CAIRO (Reuters) - The Coptic Orthodox church staged a ceremony rich in ritual on Sunday to install its pope, Tawadros II, who Christians hope will guide them through the new, Islamist-led Egypt.
The 60-year-old pope was picked on November 4 and the ceremony on Sunday filled with incense, elaborate robes and chanting marked his formal ascendance as the 118th leader of the church.
Coptic Christians, whose church predates the arrival of Islam in Egypt, make up a tenth of Egypt’s 83 million people.
Many fear their community, the biggest Christian group in the Middle East which has long complained of discrimination, will be squeezed to the sidelines of society under Islamists now ruling the Muslim-majority nation.
“We chose him because he is man who is obedient to God,” said Bishop Bakhomious, who was pope in the interim period after Shenouda III died aged 88 in March after four decades in office.
“God had listened to our prayers and did not wish to leave us orphans for long,” he added, as priests and bishops prayed for the new pope, dressing him in lavish embroidered vestments.
In the final stages, a red and gold mitre was placed on his head before he sat on a throne. The bearded and bespectacled pope trained as pharmacist before being ordained.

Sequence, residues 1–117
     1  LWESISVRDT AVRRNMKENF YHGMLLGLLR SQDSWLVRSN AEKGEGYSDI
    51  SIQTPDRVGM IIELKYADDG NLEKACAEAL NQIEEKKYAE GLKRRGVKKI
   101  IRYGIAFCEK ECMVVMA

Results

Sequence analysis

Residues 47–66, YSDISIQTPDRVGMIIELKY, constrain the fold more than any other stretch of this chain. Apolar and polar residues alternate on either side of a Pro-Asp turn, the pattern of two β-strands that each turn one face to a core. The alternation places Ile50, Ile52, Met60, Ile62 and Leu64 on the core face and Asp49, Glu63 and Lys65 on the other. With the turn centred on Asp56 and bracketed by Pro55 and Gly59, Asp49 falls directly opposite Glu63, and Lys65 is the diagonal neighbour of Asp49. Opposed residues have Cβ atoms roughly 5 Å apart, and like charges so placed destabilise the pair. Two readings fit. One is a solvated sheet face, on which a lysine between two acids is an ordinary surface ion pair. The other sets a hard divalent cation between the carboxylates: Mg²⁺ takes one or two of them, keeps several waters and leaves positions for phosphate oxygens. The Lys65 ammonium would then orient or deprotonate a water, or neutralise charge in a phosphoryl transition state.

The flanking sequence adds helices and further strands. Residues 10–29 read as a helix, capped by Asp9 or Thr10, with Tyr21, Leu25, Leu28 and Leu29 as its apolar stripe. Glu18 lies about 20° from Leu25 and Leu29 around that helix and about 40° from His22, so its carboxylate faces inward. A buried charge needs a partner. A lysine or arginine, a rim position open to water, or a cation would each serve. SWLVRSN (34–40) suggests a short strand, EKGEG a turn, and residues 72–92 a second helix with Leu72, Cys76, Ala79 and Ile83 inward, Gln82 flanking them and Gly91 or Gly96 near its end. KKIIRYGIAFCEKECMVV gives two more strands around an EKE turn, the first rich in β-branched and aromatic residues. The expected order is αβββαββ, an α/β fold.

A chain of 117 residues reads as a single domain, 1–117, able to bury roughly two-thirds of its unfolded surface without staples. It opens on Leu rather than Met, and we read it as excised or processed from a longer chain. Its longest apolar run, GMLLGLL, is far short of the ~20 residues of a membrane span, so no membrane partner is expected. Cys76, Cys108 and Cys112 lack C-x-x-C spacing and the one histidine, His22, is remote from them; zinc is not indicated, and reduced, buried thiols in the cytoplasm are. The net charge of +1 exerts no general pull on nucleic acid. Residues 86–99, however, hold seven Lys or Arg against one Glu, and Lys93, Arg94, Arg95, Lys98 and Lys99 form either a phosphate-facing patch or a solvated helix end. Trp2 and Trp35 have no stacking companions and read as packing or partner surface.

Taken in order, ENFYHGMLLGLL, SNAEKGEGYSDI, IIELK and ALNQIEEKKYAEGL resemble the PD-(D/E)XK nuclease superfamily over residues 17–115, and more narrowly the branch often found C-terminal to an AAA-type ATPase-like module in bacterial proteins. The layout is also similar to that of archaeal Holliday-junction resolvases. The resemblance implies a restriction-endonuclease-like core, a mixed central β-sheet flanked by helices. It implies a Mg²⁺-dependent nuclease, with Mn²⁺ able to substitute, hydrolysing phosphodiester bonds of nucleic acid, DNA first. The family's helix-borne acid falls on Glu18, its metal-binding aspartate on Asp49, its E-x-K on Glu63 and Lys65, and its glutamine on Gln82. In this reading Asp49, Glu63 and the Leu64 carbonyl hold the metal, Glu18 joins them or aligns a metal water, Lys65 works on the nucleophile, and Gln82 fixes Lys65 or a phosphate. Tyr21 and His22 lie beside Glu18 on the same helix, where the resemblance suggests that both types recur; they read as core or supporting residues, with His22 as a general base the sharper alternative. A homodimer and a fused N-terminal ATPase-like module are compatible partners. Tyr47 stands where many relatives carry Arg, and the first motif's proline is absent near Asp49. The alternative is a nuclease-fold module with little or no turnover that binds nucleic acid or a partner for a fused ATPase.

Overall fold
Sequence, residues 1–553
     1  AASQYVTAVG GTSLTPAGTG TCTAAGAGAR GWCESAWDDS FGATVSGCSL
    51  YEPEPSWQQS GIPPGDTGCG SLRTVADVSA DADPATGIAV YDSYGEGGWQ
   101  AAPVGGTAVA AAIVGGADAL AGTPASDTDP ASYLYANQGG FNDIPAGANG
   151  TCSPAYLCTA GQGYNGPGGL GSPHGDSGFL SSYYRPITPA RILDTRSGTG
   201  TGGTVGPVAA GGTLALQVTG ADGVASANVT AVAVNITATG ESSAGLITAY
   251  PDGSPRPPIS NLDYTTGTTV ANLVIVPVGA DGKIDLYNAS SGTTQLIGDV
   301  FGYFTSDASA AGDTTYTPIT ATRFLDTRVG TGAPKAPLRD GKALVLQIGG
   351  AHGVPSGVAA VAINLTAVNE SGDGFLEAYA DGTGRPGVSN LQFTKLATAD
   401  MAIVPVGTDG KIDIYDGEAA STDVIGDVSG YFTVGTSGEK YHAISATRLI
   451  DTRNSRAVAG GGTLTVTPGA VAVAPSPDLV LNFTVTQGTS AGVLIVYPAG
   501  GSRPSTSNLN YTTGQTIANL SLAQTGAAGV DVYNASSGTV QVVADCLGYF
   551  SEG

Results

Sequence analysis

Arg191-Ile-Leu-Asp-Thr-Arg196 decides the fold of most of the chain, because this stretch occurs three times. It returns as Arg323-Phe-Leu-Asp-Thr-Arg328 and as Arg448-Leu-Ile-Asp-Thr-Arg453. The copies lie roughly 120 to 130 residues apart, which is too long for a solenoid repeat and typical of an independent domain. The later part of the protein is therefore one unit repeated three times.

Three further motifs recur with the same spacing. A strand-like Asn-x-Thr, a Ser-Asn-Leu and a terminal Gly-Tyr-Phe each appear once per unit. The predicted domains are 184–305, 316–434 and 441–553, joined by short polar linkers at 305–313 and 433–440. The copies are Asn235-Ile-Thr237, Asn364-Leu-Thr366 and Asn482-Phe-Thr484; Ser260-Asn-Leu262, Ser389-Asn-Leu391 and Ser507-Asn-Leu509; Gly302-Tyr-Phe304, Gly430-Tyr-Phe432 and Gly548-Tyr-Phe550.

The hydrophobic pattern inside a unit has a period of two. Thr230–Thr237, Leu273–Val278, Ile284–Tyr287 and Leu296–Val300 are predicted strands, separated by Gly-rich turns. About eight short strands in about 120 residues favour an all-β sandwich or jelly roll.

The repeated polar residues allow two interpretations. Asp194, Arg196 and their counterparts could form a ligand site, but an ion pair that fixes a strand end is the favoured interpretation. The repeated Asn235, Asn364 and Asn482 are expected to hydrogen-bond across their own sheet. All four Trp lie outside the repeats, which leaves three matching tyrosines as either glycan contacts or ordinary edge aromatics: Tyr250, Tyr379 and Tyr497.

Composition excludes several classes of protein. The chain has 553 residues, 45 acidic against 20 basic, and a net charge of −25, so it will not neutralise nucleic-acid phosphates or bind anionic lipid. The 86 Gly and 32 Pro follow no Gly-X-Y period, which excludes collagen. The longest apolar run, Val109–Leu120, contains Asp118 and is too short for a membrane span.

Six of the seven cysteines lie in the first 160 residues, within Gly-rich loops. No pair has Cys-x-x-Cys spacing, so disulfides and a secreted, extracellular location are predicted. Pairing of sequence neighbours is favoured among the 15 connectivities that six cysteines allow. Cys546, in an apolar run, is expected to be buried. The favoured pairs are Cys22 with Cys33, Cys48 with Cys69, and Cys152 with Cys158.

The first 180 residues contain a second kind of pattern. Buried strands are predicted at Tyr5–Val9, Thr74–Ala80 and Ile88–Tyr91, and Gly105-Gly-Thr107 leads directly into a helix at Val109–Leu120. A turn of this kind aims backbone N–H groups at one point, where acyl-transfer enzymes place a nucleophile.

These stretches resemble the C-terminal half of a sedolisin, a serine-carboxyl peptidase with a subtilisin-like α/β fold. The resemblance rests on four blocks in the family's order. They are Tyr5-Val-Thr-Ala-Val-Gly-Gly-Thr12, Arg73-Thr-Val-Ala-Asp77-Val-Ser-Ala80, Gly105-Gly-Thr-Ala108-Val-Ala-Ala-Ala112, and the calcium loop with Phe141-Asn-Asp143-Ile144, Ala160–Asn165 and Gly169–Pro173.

President Mohamed Mursi, propelled to power by the Muslim Brotherhood, did not attend the ceremony in the cathedral in Cairo’s Abbasiya district to the dismay of some Christians who said it undermined his claim to be a leader for all Egyptians.
But he sent his prime minister, Hisham Kandil. Other officials and dignitaries also attended.
Tawadros II faces challenges delivering on the hopes of his flock. He told Reuters at a desert monastery west of Cairo a day after his was picked that the church would oppose any new constitution that only met Muslim concerns.
Liberals, moderate Muslims and Islamists are tussling over the shape of the constitution and extent of Islamic references in the document. A group of technical advisers quit the assembly drawing it up on Saturday, saying their voices were not being heard.
That complicates a process that is vital to completing Egypt’s transition to democracy since Hosni Mubarak was toppled last year. A constitution must be in place before an election can be held to replace the dissolved parliament.
George Samir, a 32-year-old Copt who helped organise Sunday’s service, said he had mixed emotions as he was reminded of the Shenouda’s passing during the ceremony.
But he added: “I am happy to have a new pope, a new father and leader for the Christians. Pope Tawadros seems to be a very decent and modest leader. God bless him and bless us all.”
Christians have long grumbled that they are sidelined in the workplace and in law, citing rules that make it easier to build a mosque than a church. A spate of attacks on churches since Mubarak’s overthrow has further worried them.
Writing by Edmund Blair; Editing by Andrew Heavens